Regular swimming exercise performed either before or after the induction of renovascular hypertension alleviates oxidative renal injury in rats
Özdemir Kumral, Zarife Nigar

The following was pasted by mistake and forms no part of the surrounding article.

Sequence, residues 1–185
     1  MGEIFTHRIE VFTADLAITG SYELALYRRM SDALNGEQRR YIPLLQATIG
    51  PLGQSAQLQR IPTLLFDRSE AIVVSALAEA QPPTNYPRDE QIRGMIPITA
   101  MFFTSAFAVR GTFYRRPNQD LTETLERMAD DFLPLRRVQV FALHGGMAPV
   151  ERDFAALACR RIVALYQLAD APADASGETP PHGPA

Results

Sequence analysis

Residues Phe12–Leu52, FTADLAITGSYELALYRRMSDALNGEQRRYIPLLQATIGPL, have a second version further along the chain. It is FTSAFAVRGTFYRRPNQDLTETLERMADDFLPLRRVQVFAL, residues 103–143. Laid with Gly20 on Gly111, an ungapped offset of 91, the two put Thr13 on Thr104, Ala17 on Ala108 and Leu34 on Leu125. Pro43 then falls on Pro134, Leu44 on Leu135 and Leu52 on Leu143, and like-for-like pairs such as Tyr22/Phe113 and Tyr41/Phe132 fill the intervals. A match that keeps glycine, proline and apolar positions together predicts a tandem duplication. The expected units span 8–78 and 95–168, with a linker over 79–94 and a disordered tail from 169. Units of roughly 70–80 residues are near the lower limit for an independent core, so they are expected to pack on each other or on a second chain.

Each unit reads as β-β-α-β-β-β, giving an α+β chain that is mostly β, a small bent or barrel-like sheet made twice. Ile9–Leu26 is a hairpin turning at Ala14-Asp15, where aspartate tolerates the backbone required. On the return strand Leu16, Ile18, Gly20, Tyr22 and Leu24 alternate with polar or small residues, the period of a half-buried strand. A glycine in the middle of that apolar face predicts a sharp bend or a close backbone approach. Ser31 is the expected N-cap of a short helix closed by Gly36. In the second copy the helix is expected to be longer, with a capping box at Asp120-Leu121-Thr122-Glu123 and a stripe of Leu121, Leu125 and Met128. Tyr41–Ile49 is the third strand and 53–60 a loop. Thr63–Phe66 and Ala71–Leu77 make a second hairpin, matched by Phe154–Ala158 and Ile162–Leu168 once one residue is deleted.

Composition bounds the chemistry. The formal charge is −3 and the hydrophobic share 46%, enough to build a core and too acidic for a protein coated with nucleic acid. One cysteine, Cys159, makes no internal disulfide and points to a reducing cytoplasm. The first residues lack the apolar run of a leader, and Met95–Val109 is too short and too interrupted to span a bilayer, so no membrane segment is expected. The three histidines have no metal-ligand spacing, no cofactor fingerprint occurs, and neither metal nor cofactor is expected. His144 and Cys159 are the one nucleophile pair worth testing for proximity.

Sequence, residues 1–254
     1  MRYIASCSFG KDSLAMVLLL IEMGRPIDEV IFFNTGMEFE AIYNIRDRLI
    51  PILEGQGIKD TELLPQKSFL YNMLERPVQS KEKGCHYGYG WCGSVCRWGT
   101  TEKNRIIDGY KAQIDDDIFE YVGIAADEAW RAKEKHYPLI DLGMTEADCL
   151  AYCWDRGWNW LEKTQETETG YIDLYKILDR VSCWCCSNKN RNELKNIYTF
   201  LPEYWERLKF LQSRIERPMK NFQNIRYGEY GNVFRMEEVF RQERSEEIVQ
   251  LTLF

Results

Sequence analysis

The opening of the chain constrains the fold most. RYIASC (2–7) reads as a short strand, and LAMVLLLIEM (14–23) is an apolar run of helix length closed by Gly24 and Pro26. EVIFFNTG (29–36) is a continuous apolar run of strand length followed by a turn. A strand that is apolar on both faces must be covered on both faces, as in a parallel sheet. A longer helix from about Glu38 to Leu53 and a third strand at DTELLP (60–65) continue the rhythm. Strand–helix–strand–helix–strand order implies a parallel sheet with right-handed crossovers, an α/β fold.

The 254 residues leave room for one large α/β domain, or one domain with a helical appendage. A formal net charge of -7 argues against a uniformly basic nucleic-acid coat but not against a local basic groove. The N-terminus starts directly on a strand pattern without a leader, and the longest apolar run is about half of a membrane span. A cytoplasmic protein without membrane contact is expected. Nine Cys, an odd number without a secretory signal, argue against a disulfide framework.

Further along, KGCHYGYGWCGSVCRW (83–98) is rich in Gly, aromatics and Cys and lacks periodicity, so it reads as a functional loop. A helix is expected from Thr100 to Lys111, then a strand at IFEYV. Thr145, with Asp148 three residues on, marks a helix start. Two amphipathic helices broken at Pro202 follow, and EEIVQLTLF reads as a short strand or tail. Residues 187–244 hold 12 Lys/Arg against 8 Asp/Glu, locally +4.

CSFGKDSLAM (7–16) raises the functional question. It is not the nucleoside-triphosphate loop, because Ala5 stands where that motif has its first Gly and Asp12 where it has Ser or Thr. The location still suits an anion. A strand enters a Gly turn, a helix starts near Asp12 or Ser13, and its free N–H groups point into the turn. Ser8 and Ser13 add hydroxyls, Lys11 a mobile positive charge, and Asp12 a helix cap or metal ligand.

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Epidemiological studies have shown that regular exercise and increased aerobic fitness are associated with a decrease in allcause mortality and morbidity, including diseases related with high blood pressure. However, whether exercise has an antiinflammatory impact on the pathogenesis of hypertension was not elucidated yet. In the present study, to investigate the potential protective and therapeutic effects of exercise training (swimming for 30 min/day, 5 days/week for 9 weeks) on renovascular hypertension (RVH) 10-week-old male Wistar albino rats were divided into 4 groups as sham-operated sedentary control group, sedentary group with RVH (2-Kidney, 1-Clip Goldblatt) and two exercised RVH groups, which had 9-week training either before the surgery or after the surgery. Systolic blood pressures (SBP) were measured by the tail-cuff method on a weekly basis and at the end of 12 weeks, rats were decapitated to obtain kidneys. SBP were significantly higher in the sedentary RVH group than the control group, whereas in the trained RVH group measurements were not different than those of the control animals. In the renal tissues of the sedentary RVH group, malondialdehyde and myeloperoxidase levels were increased with a concomitant decrease in glutathione levels, while in the trained RVH group the levels were not different than those of the control group. Moreover, in the trained RVH group, superoxide dismutase and catalase levels measured as antioxidant parameters, were also significantly increased as compared with those of the sedentary RVH group. Current results demonstrate that regular moderate training controls high blood pressure in RVH, while RVH-induced oxidative damage in renal tissue is ameliorated through the modulation of oxidant-antioxidant balance. Exercise training does not only improve the circulatory functions, but it also initiates an anti-inflammatory process to defend against the angiotensin-II-induced renal injury.